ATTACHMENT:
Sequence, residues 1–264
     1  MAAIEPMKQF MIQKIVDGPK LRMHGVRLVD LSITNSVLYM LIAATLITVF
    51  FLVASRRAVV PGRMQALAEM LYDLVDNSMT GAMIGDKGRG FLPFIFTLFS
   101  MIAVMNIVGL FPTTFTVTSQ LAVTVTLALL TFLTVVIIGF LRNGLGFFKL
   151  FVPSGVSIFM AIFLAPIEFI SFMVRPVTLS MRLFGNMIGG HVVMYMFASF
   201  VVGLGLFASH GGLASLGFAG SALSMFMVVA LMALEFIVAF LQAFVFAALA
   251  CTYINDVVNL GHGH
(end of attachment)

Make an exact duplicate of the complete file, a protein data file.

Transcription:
Sequence, residues 1–264
     1  MAAIEPMKQF MIQKIVDGPK LRMHGVRLVD LSITNSVLYM LIAATLITVF
    51  FLVASRRAVV PGRMQALAEM LYDLVDNSMT GAMIGDKGRG FLPFIFTLFS
   101  MIAVMNIVGL FPTTFTVTSQ LAVTVTLALL TFLTVVIIGF LRNGLGFFKL
   151  FVPSGVSIFM AIFLAPIEFI SFMVRPVTLS MRLFGNMIGG HVVMYMFASF
   201  VVGLGLFASH GGLASLGFAG SALSMFMVVA LMALEFIVAF LQAFVFAALA
   251  CTYINDVVNL GHGH